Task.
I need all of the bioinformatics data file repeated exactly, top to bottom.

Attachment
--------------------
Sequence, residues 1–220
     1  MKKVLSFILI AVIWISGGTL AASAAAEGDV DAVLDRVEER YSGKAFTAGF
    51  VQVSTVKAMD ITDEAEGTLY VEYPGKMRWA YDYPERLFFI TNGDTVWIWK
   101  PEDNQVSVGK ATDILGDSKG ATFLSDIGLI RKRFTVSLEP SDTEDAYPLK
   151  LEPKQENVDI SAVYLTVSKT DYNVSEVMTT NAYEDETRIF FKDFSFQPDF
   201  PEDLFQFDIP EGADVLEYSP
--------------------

Sequence, residues 1–220
     1  MKKVLSFILI AVIWISGGTL AASAAAEGDV DAVLDRVEER YSGKAFTAGF
    51  VQVSTVKAMD ITDEAEGTLY VEYPGKMRWA YDYPERLFFI TNGDTVWIWK
   101  PEDNQVSVGK ATDILGDSKG ATFLSDIGLI RKRFTVSLEP SDTEDAYPLK
   151  LEPKQENVDI SAVYLTVSKT DYNVSEVMTT NAYEDETRIF FKDFSFQPDF
   201  PEDLFQFDIP EGADVLEYSP